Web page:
On Wednesday afternoon, the Flagstaff Planning and Zoning Commission hosted a citizen's review of a proposed amendment to the Flagstaff Regional Plan 2030 in order to further align it with the Flagstaff Carbon Neutrality Plan.
Flagstaff’s Climate and Energy Specialist Jenny Niemann started the citizen review by giving a brief overview of the goals of the Flagstaff Regional Plan.
“This document is our roadmap to implementing our community’s vision,” Niemann said. “That’s why we’re having this amendment, because the Carbon Neutrality Plan and associated conversations have really shown the evolution of the community’s conversation on climate action and carbon neutrality.”
Niemann said a comprehensive climate plan is necessary, not only for current residents, but also for those who may be forced to move to Flagstaff as the climate crisis worsens. In order to accomplish this, the original Flagstaff Regional Plan, approved in 2014, focused on three major goals: Reducing greenhouse gas emissions, fostering resilience against the negative effects of climate change and lastly, integrating science into Flagstaff’s governmental policies regarding climate action.
Staff in Niemann’s department focused on two categories of impacts when discussing climate change, she added: Those to natural systems and those to human systems. For instance, increased heat leads to increased rates of evaporation, which results in an increased risk of wildfires — an effect on a natural system — and a decreased water supply — an effect on a human system.
Niemann said residents of Coconino County have already experienced many of these negative effects for years.
“They may be folks who are coming just for the weekend, but that’s an increase in second homes,” Niemann said. “There’s a lot of different ways that we’ll start to see more people in our area.”
The Flagstaff Regional Plan 2030 amendment makes adjustments under three categories: Revisions to goals, revisions to policies and the addition of four new policies. All of these changes were enabled by a climate profile done in 2017, which provided more accurate data than that which was available when the Regional Plan was ratified by voters in 2014.
The amendment makes two changes to goals described in the Flagstaff Regional Plan 2030. Firstly, it sets the concrete goal of achieving carbon neutrality in Flagstaff by 2030, whereas previously, it only pledged to lower greenhouse gas emissions. Second, it emphasizes the importance of helping communities most affected by climate change.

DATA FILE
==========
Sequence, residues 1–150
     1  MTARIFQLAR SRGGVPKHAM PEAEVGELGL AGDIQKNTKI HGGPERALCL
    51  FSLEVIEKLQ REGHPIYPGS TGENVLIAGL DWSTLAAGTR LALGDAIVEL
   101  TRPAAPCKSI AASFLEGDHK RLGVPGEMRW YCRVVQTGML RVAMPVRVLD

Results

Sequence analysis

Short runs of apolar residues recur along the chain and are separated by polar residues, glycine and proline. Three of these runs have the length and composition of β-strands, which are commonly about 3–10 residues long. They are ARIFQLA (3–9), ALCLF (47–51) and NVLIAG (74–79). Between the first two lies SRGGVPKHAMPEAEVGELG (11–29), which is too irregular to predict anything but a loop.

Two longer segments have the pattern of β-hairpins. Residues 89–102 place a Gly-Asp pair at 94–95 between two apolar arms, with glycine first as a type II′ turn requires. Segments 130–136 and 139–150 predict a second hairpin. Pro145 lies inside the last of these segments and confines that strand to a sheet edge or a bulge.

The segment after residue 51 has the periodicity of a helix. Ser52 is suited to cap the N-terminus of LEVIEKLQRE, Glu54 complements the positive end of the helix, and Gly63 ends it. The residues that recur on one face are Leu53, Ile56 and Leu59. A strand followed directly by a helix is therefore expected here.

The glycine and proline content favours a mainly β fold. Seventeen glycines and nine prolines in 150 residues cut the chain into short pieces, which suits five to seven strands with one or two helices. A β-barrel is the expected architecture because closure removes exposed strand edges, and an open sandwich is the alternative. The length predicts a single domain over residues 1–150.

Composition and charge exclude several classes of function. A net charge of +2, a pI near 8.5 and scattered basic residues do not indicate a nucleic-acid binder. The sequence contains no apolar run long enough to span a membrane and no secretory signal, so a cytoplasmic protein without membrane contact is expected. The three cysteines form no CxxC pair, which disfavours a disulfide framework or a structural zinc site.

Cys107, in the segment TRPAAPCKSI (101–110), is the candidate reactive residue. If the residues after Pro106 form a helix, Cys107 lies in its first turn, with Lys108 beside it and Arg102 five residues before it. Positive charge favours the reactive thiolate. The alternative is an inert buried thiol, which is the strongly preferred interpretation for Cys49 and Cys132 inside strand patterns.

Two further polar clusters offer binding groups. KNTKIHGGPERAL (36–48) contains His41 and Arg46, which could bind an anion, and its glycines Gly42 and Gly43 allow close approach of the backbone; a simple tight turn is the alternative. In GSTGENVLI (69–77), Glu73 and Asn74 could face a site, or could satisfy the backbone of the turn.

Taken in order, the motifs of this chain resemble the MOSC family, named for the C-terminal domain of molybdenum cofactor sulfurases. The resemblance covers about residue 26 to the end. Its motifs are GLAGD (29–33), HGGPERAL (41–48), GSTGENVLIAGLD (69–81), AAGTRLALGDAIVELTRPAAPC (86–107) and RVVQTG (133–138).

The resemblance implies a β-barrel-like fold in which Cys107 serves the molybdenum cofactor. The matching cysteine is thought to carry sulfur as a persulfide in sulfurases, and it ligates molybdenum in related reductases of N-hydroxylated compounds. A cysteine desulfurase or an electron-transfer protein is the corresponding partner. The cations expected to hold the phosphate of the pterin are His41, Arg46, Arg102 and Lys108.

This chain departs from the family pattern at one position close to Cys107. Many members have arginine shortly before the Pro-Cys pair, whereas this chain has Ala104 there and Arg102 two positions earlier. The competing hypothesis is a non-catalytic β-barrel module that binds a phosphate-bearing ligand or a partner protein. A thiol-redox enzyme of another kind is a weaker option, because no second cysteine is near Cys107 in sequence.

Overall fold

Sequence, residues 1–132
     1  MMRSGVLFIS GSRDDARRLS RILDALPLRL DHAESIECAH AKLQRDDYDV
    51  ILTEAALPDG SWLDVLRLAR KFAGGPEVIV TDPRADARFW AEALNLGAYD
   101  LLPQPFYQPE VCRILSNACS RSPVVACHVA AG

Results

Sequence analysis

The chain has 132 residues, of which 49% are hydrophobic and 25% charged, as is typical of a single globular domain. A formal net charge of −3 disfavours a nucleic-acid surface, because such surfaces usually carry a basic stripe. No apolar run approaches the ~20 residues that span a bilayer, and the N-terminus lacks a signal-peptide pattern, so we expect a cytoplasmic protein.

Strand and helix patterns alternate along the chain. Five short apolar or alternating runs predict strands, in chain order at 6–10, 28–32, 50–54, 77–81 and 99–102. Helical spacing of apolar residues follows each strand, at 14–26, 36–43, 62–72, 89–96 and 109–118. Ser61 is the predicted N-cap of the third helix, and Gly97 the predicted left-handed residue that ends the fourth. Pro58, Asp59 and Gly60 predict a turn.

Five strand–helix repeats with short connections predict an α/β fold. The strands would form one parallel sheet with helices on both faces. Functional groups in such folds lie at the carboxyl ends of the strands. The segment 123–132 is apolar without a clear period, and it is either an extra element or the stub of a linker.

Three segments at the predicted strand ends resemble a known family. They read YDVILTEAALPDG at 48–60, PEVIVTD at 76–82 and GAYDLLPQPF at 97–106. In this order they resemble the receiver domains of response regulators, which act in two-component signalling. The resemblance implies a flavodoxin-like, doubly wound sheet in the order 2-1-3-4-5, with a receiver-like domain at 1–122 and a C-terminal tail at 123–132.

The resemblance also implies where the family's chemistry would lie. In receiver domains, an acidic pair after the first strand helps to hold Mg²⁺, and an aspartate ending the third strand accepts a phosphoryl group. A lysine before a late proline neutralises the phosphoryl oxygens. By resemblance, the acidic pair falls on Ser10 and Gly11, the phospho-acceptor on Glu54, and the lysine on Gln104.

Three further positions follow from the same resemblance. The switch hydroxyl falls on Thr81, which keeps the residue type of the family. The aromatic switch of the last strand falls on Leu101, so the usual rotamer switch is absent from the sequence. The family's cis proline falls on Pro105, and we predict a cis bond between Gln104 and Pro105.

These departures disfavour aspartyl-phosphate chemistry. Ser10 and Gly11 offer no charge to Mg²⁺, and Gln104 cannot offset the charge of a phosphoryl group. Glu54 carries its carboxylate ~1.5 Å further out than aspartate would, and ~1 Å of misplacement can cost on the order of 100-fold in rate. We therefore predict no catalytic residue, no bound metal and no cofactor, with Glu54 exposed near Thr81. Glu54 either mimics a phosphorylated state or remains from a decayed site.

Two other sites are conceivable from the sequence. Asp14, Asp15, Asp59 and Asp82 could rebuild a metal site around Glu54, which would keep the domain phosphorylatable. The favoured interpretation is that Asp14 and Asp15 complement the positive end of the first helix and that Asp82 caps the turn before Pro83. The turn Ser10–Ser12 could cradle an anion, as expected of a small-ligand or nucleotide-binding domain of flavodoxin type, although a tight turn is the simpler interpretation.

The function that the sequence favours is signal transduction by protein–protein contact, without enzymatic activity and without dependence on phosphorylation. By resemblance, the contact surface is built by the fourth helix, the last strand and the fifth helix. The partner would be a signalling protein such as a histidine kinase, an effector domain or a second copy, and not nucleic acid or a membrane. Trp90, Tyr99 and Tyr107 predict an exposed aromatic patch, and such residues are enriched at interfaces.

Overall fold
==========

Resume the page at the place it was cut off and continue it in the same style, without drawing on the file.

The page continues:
Moreover, this amendment seeks to edit the language of four policies listed in the Regional Plan, such as adding or removing detail where needed. Through city regulations, the Regional Plan amendment emphasizes the importance of reducing additional impacts of climate change on vulnerable communities. Finally, it states that risks to Flagstaff’s natural resources should specifically be evaluated “in the context of anticipated climate changes and resulting changes to Flagstaff’s systems.”
In addition to these changes, four new policies are added. First, it promises to review and revise existing regulations to reduce greenhouse gas emissions. Second, it states that efforts will be made to promote more sustainable development to help neighborhoods and communities in pursuing carbon neutrality. Third, it pledges to help vulnerable communities seeking to adapt to climate change. Finally, the Regional Plan Amendment stresses the importance of equitably distributing the burdens of all the previous policies and goals which the Flagstaff Regional Plan discusses.
Equity was a recurring theme throughout the discussion of the amendment. These adjustments were designed with the understanding that not everyone is affected by climate change in the same ways, and as such, some will require more aid than others. Ricardo Guthrie, associate professor in Ethnic Studies and member of the Planning and Zoning Commission, spoke on this topic, stressing the importance of equity and of having robust systems in place to determine the needs of Flagstaff community members.
“Don’t say ‘attempt to equitably distribute,’” Guthrie said. “Just go right out there and say ‘equitably distribute the burden,’ just as you say ‘we will achieve carbon neutrality.’”
Two hearings will be held — Nov. 10 at 4:00 p.m. and Nov. 17 at 4:30 p.m. — regarding the Flagstaff Regional Plan Amendment. These meetings can be streamed on the City of Flagstaff’s website and are open to members of the public. Then, the adoption of this amendment will be discussed Dec. 7 at 3:00 p.m. at Flagstaff City Hall.